SALZBURG, Austria — In the city of Mozart, the message from EU leaders was this: Neither Brexit nor migration has delivered the Requiem for Europe that their fiercest critics had predicted.
At a summit to discuss the EU’s two biggest, lingering existential crises, the leaders could not claim victory on either front. A Brexit deal is still not at hand. On migration policy, they are as divided as ever.
And yet, the EU is still standing, and the mood is guardedly optimistic.
As they arrived on Wednesday for a dinner of veal Wiener schnitzel and Sachertorte at Felsenreitschule, a historic concert hall and theater that once served as a movie set for “The Sound of Music,” leaders consoled themselves over the lack of a broader deal on migration by citing the precipitous decline in the numbers of arrivals.
“My contribution will be to highlight the good work we have been doing so far together, on the external sides of our migration policies, in particular the strong political partnership we have established with the African Union,” Federica Mogherini, the bloc’s foreign policy chief, said as she arrived.
“No deal or a hard Brexit would be difficult for Europe but it would be terrible for the U.K.” — Austrian Chancellor Sebastian Kurz
“That has brought results,” Mogherini said on the red carpet. “Numbers of arrivals have never been so low. But we have to keep working on this.”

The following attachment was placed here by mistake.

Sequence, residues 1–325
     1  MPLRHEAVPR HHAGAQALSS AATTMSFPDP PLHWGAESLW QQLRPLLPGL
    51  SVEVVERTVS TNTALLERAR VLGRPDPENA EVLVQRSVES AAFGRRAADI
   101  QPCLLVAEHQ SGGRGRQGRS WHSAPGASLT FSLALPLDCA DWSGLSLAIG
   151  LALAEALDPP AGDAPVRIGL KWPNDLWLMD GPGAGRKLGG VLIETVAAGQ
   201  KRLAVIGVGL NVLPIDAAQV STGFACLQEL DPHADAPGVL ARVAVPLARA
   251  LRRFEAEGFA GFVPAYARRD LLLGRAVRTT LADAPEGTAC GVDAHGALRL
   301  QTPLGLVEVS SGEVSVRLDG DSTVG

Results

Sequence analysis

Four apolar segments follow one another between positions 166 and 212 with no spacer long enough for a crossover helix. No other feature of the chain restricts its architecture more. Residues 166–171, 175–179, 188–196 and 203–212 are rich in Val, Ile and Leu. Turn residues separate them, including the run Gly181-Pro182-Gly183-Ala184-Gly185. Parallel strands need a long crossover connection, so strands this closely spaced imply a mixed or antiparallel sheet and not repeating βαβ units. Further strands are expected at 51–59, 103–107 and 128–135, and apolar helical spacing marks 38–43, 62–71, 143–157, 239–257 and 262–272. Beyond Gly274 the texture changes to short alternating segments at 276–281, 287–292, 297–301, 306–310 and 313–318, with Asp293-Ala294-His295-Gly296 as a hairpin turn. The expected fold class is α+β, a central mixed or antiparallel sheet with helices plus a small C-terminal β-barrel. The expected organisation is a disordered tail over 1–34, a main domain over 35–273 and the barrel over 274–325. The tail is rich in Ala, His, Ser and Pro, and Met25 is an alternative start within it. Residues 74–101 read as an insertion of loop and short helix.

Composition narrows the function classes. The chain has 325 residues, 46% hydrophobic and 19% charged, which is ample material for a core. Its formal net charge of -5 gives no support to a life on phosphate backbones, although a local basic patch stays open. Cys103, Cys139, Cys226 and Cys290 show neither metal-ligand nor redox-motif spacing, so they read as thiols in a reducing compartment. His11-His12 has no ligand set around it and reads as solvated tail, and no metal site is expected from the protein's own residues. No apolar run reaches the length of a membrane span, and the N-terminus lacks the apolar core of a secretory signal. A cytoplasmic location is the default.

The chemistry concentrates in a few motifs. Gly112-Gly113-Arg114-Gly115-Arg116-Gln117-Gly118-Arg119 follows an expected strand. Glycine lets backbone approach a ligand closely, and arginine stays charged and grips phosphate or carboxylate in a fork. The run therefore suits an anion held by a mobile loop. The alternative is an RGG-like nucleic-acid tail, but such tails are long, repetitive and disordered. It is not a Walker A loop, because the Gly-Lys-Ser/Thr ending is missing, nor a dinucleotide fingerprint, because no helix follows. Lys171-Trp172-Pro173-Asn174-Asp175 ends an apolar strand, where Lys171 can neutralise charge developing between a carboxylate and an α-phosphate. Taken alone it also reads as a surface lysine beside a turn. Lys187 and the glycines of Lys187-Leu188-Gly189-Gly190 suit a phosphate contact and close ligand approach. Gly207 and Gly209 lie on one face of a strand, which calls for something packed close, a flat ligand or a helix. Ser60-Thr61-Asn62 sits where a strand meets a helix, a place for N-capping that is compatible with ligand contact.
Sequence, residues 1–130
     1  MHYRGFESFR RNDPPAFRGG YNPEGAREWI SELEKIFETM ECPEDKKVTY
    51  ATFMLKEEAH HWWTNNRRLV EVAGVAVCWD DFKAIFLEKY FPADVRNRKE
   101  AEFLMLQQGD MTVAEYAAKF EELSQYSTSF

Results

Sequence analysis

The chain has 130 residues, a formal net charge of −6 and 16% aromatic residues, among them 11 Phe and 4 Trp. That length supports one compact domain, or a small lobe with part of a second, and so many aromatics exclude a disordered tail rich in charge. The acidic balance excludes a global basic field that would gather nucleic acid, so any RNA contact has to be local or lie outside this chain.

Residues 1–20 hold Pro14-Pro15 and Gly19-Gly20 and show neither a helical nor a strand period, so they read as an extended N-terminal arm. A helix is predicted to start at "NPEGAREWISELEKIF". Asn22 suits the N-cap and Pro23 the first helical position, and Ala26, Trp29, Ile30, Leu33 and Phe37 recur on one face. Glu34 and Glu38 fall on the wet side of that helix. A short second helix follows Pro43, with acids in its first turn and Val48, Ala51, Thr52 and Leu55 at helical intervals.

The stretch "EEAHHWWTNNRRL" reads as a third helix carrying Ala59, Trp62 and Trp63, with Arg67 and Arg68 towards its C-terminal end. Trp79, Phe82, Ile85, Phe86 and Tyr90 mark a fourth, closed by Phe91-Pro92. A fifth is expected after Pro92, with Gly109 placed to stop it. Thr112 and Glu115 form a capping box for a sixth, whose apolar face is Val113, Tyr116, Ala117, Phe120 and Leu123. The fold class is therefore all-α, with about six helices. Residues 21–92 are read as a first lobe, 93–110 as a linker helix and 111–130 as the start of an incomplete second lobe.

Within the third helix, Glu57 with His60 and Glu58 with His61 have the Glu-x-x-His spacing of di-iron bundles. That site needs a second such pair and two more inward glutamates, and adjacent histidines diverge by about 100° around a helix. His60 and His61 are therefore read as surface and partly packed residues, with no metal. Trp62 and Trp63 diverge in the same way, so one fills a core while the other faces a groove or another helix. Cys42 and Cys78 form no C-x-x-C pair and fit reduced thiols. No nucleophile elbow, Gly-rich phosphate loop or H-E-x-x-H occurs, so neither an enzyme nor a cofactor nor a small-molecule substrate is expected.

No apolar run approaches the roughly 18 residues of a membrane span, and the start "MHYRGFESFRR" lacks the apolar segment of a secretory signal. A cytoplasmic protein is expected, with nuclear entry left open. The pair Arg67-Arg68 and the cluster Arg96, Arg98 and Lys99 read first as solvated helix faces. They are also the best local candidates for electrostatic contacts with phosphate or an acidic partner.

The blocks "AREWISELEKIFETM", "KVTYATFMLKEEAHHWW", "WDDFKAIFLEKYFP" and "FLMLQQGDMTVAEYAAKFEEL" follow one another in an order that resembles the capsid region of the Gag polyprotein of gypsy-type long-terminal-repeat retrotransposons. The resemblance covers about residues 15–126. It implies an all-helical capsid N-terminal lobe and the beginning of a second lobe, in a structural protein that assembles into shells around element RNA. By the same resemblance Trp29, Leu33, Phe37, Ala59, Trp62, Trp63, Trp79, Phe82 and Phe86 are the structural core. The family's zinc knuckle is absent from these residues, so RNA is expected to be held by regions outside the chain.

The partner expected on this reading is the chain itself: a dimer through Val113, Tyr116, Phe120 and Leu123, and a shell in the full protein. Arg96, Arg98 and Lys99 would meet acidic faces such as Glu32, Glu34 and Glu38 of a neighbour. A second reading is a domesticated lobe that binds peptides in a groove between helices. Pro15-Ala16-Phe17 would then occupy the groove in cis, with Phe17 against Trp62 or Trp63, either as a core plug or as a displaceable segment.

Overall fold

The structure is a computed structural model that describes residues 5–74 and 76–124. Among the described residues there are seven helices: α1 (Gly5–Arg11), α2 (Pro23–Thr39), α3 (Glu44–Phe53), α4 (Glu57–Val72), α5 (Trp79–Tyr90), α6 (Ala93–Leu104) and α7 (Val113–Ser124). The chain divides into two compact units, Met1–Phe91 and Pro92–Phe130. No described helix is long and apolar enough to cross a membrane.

Mogherini said there was general agreement among EU nations to continue Operation Sofia — the bloc’s anti-smuggling effort in the Mediterranean Sea. And she said further partnerships would be pursued with African and Middle Eastern countries, to be discussed at a high-level meeting with United Nations Secretary General António Guterres in New York this weekend.
Estonian Prime Minister Jüri Ratas was more succinct. “We have achieved a lot by managing the migration crisis,” he said. “The numbers have come down a lot. But the situation on the Mediterranean is far from normal. We need better cooperation with third countries, especially African countries.”
That EU leaders are increasingly looking for solutions on migration outside the bloc is no surprise considering their own continuing divisions. Those divisions were also on display in Salzburg, where the president of the European People’s Party (EPP), Joseph Daul, said that he would not move to expel Hungary’s combative Prime Minister Viktor Orbán.
Orbán’s government has been accused by the European Parliament of trampling on rights and flouting EU norms, but for now the EPP, the Continent’s dominant center-right party, is intent on sticking with him. It’s the sort of grin-and-bear-it approach that seems to characterize much of what the EU does these days, including on Brexit.
The leaders’ conversation on migration did not break any new ground. Most of the leaders weighed in, a senior EU official said, and there was general agreement to continue building partnerships with countries outside of Europe. On the EU’s own migration policy, including the asylum rules known as the Dublin regulation, the conversion only confirmed that sharp differences persist, a senior EU official said.